LG Chem NCMA Batteries for Tesla Model Y
Armen Hareyan's picture

Starting July Tesla Model Y May Have New NCMA Batteries from LG Chem

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Tesla is expected to be the first to use LG’s new NCMA nickel-based battery cells in its Model Y SUV, starting July, Business Korea reports.

According to this report, LG Chem will supply NCMA (nickel, cobalt, manganese, aluminum) cathode materials for electric vehicle batteries to Tesla in July for the Model Y. This marks the company’s first commercial production of NCMA cathode materials.

Guided by their conflict of objectives between the most powerful and the cheapest possible batteries, it was first Chinese and then, led by Tesla, western electric car manufacturers who discovered LFP chemistry. Instead of expensive nickel and cobalt, it mainly contains iron oxide, which drastically reduces costs and, according to CEO Elon Musk, is the reason that Tesla wants to equip all-electric cars with standard ranges with LFP batteries in the long term. But battery development is by no means standing still further up in the range of services: According to a report, Tesla is once again one of the first electric car manufacturers to use NCMA cells from LG Energy Solutions.

New LG cells for Tesla from July

The most common cell chemistries in modern, high-capacity electric cars today are NCA (with lithium-nickel-cobalt-aluminum oxides in the cathode, as in Panasonic batteries for Tesla) and NCM (lithium-nickel-manganese-cobalt oxides). So both contain nickel and cobalt, the prices of which are high and volatile. Cobalt is the more expensive material of the two and on top of that comes partly from mines with questionable working conditions.

Here is another quote from Business Korea.

"LG Energy Solution originally planned to use L&F’s NCMA cathode materials for the Model Y and LC Chem’s NCMA cathode materials for GM’s pickup truck Hammer. However, it changed the plan as LG Chem has successfully developed NCMA cathode materials that have the same nickel content as L&F products."

People comment on social media that NCMA is roughly 20% better than NCA but increasing the efficiency of the electro-active materials is not translating directly to improvements. Cost-wise NCMA should be slightly cheaper.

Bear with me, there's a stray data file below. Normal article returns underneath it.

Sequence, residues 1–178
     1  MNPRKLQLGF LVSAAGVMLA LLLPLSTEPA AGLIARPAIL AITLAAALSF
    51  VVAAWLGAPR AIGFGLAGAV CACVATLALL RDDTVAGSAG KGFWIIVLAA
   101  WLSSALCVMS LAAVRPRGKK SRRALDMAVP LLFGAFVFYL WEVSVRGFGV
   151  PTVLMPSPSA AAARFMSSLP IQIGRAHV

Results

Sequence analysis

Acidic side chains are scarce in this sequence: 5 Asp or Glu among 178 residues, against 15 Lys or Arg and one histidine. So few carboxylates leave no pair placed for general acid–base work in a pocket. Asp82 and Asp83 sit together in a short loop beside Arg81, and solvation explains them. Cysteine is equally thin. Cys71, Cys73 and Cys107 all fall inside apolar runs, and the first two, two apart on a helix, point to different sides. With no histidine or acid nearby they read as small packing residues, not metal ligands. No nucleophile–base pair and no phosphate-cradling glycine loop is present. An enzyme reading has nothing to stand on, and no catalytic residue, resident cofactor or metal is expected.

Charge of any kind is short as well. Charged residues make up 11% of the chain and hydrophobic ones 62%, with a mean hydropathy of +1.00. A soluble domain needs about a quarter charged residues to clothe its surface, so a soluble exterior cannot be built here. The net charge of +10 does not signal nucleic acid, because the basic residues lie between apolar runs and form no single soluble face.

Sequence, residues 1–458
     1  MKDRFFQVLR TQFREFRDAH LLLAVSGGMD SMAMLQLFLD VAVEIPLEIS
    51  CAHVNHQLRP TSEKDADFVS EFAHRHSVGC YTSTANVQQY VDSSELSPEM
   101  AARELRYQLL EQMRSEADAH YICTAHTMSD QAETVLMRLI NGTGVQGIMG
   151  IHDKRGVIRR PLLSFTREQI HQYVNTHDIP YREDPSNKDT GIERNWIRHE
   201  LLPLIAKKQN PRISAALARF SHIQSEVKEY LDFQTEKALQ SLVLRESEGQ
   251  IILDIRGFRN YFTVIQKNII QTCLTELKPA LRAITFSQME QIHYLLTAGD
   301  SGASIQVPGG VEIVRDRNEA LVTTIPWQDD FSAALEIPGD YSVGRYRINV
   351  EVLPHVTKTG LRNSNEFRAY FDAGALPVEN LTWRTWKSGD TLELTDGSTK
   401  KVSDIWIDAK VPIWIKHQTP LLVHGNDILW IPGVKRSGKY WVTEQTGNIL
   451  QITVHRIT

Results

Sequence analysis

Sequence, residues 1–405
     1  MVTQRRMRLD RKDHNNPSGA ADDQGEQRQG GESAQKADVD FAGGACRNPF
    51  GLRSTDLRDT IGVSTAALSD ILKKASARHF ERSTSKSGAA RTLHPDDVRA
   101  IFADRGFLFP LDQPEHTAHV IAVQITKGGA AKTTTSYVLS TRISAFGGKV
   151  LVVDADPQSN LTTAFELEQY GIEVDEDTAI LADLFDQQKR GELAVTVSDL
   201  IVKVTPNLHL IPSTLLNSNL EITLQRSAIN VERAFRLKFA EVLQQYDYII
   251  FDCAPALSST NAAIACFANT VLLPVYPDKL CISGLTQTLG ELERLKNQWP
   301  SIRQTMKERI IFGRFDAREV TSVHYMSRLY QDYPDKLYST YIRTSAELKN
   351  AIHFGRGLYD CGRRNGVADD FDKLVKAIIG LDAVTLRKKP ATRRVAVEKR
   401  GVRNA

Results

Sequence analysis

In fact, LG Ultium cells are expected to clock in at 350Wh/kg. Cells for Tesla will be cylindrical, which keeps costs down but shave a bit of the Wh/kg at cell level off.

Therefore, it's fair to say that the cautious target for the new cells will be 310-320Wh/kg in 2170 format and 330-340Wh/kg in Roadrunner format.

Against this background, the newer NMCA chemistry enables a compromise on a higher performance level than LFP: A good part of the cobalt is replaced by hardly less energy-rich nickel (also expensive, but not so much and less controversial), which then provides the necessary additional stabilization Aluminum. LG Energy Solutions plans to deliver such cells to Tesla from the second half of 2021 , The Korea Times reported last December. And now another local publication named this July as the start date and reported additional details.

According to Business Korea , it is the first commercial use of NCMA as a cathode material, at least for LG Energy . It should consist of 90 percent nickel, while the cobalt content is only about 5 percent. The cathodes are intended for the Tesla Model Y, whereby Business Korea does not impose any geographical restrictions. NCMA cells from LG Energy in Korea or China could soon also be found in electric cars from the US plant in Fremont.

General Motors also wants NCMA

According to the report, the cell manufacturer is currently carrying out tests for use in electric cars. NCMA deliveries to Tesla are then scheduled to begin in July. In this case, there is even a second western group that is about to start using alternative chemistry for electric cars: General Motors announced in March 2020 that it would be working with LG Energy on its own Ultium batteries based on NCMA . As Business Korea writes, deliveries for the Hummer off-road vehicle as an electric car should begin this September.

Armen Hareyan is the founder and the Editor in Chief of Torque News. He founded TorqueNews.com in 2010, which since then has been publishing expert news and analysis about the automotive industry. He can be reached at Torque News Twitter, Facebok, Linkedin and Youtube.